Since that time, I have modelled many and various employment structures for yacht owners and their representatives. When I do these, I do not speak of rotation from a crew’s perspective, it is with consideration of the yacht owners needs and their investment. My point being that the yacht, the owner and guest experience should not suffer because of crew taking leave. I support this position with a crude calculation; add the finance cost of the yacht to the operating expenses and divide by 365 to gain the cost per day of the yacht’s existence. The number can be staggering and to think that you would intentionally stop the operation so the team can take days off does not show good value.
Further to this crude calculation, the owner is reminded that the beauty of yacht ownership is freedom and spontaneity. Rotation can allow that when a gap opens in their diary, they can escape to their yacht and enjoy the pleasure of being on the water with family and friends; something that is even more relevant today.
In one of the presentations the yacht owner agreed for senior crew without hesitation, saying, “but yes, they have families, and we want them to be focussed on us when they are here and not worried about when they can get home.” For junior crew there was a different perspective with the principal asking, “why do these crew want so much time away when they were young?” Weren’t these the years to earn money, travel and gain experience needed to progress?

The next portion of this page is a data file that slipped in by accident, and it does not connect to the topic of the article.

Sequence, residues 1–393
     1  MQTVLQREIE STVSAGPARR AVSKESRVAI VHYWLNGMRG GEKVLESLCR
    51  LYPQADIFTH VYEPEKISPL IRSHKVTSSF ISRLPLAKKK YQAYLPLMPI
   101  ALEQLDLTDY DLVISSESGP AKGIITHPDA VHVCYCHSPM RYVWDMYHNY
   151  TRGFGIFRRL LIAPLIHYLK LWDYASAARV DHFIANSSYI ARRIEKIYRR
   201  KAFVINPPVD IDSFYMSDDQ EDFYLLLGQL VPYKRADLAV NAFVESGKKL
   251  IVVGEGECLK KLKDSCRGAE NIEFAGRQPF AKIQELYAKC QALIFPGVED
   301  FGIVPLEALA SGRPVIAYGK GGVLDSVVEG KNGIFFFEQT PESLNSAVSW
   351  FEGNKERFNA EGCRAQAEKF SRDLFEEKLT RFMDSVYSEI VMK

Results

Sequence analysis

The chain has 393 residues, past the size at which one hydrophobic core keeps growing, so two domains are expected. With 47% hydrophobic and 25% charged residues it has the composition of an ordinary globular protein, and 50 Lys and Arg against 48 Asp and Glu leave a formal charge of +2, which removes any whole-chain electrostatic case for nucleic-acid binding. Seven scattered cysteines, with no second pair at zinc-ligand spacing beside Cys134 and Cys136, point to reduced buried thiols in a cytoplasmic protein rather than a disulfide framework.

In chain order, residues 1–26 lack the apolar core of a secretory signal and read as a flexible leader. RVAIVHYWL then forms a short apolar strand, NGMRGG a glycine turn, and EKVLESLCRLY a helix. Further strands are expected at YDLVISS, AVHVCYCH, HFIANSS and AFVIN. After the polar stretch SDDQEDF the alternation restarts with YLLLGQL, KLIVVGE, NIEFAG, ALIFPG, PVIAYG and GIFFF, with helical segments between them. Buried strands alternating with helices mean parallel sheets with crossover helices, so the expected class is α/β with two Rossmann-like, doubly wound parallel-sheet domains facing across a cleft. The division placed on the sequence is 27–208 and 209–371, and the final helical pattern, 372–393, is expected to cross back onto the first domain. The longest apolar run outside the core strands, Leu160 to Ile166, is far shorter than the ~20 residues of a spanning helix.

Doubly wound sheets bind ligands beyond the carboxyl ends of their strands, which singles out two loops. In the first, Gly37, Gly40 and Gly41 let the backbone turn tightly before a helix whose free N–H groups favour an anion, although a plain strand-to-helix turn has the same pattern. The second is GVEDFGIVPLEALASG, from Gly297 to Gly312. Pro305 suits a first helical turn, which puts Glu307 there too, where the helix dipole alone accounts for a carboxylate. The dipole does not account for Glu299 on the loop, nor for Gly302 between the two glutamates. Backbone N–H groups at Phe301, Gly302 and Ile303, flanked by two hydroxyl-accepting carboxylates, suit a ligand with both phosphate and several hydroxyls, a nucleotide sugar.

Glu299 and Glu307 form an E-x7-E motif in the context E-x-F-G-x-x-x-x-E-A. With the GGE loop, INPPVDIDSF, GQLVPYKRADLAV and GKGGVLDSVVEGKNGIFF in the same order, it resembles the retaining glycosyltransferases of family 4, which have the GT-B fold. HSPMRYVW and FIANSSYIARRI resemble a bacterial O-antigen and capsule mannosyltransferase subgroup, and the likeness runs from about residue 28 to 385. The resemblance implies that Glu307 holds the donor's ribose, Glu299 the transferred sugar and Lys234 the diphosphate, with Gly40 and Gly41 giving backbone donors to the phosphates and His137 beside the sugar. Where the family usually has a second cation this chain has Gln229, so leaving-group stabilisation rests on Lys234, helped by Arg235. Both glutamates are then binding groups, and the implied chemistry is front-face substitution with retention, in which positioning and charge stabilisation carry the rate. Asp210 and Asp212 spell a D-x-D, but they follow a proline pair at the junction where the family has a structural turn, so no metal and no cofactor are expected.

Malcolm’s comment – the latter point I also heard from an owner. One 80m+ example lost several junior crew because of generous leave/rotation! The basic reasoning was it was expensive to spend so much time at home, all their friends were working so no one to hang out with, and it took far longer to gain the necessary sea time and experience to progress. Sometimes you cannot win!
Be careful what you wish for.
Since 2007 (outside of shipyard construction) I have been on equal time rotation. This is a Nirvana for many but, having defended the position to the owner that the yacht requires 365-day attendance from its captain and senior team to get rotation over the threshold, you are accountable to work accordingly.